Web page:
Developing a Clinical Research Agenda for Fecal Incontinence
Fecal incontinence is a condition with ramifications that extend well beyond their physical manifestations. Many individuals find themselves withdrawing from their social lives and attempting to hide the problem from their families, friends, and even their doctors. The shame, embarrassment, and stigma associated with these conditions pose significant barriers to seeking professional treatment, resulting in many persons who suffer from these conditions without help. As baby boomers approach their 60s, the incidence and public health burden of incontinence are likely to increase.
Fecal incontinence is a syndrome that involves the unintentional loss of solid or liquid stool. It is serious and embarrassing. Fecal incontinence may affect individuals living at home, as well as many living in nursing homes. Although fecal incontinence affects individuals of all ages, it is more common in women and older persons. Bowel function is controlled by four factors: rectal sensation, rectal storage capacity, anal sphincter pressure, and established bowel habits. If any of these is compromised, fecal incontinence can occur. Despite its serious effects on patients, families, and society, fecal incontinence is often ignored and has been studied less than many other conditions.
It has been difficult to identify persons at risk for or affected by fecal incontinence because the condition is often not reported or diagnosed. Prevention of fecal incontinence has been hindered by limited research and incomplete knowledge about the biological causes and interacting social and environmental factors.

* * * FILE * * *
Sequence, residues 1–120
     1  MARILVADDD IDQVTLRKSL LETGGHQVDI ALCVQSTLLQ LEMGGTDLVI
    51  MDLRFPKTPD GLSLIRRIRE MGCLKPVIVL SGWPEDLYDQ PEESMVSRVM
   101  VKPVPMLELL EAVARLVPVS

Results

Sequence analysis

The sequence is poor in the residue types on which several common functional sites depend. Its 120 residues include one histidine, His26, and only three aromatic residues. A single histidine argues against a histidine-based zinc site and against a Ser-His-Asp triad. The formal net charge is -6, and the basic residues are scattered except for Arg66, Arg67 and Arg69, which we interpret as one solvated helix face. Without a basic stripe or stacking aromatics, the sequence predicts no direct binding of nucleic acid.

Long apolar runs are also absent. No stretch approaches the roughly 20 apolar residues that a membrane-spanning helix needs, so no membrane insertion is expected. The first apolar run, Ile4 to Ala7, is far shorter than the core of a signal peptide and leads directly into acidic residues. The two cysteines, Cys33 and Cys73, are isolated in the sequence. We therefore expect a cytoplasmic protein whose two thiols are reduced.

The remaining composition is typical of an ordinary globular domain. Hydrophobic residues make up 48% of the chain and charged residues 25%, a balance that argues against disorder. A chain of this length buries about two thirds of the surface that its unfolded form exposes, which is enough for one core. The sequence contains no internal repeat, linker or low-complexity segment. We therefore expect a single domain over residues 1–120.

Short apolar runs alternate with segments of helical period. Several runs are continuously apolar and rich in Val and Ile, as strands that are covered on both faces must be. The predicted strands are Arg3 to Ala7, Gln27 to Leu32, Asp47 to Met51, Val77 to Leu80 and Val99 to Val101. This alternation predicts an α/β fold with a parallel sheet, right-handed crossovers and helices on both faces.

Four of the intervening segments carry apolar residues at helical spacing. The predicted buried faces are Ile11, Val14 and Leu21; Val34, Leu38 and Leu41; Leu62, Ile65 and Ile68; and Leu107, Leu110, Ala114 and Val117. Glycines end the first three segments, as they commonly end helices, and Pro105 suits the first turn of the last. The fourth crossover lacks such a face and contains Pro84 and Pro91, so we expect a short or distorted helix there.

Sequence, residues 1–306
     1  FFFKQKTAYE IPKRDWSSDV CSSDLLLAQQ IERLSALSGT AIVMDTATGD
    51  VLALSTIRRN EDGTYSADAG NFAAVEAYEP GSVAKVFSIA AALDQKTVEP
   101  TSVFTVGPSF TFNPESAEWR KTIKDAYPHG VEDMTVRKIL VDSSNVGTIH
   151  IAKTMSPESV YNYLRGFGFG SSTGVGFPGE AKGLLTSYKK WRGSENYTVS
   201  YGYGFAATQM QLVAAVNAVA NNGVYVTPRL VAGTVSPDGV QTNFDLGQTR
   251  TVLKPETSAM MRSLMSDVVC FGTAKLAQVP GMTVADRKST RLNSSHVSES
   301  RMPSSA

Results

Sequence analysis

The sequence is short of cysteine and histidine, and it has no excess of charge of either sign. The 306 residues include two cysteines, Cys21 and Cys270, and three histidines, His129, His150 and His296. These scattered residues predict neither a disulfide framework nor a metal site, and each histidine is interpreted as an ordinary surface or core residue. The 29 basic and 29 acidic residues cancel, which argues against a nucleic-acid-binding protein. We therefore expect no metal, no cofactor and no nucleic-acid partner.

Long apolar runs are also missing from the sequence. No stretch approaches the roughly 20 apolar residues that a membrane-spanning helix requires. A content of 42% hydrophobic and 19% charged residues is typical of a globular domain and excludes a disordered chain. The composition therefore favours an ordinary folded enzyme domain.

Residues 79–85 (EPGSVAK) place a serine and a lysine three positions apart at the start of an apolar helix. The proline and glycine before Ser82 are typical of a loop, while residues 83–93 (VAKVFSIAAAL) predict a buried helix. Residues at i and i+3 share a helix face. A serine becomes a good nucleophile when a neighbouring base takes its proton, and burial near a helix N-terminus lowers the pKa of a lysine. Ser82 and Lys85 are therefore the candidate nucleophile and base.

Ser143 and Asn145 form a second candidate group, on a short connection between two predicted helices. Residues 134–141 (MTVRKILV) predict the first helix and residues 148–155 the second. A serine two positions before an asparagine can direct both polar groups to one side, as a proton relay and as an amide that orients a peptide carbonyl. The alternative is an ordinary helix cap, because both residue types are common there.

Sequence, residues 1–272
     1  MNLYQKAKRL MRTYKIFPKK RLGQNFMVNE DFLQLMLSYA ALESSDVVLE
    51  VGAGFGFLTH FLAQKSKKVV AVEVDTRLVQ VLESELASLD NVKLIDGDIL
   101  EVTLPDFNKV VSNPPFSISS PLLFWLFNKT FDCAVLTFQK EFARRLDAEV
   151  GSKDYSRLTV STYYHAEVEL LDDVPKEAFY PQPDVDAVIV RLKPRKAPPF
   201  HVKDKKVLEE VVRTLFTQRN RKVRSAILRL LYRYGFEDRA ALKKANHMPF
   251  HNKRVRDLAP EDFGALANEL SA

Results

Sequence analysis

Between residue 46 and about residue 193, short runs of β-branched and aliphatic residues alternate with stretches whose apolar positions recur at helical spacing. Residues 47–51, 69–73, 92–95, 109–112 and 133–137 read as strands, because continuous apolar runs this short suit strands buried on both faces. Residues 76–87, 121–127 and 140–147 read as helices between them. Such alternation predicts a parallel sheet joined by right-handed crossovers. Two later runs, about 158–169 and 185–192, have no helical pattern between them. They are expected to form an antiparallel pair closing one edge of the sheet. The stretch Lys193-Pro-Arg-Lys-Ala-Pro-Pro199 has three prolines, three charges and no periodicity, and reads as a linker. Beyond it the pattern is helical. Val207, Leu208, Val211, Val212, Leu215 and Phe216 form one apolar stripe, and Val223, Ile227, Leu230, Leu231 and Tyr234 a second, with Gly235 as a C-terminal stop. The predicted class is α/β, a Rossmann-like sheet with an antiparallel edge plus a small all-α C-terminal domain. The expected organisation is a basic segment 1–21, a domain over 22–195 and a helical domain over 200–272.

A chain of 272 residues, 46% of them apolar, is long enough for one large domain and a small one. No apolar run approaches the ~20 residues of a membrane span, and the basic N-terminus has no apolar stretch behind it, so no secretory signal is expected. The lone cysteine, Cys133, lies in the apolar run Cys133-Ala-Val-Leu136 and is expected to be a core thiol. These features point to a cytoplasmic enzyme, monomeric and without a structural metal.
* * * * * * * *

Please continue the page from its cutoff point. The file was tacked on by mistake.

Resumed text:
The workshop will include a panel of experts in epidemiology, gastrointestinal physiology, gastroenterology, colorectal surgery, urogynecology, psychology, and behavioral medicine. During the workshop, they will identify and discuss major issues in the diagnoses and treatment of fecal incontinence. In addition, the panel will examine the barriers encountered in addressing fecal incontinence. Furthermore, the panel will be charged to develop research priorities in both basic and clinical research to further advance treatment strategies for fecal incontinence.
The intended audience for this workshop is gastroenterologists, colorectal surgeons, urogynecologists, behavioralists, psychologists, and basic scientists with an interest in anorectal disorders and other health care professionals with a potential involvement in the identification, assessment, and treatment of patients with fecal incontinence.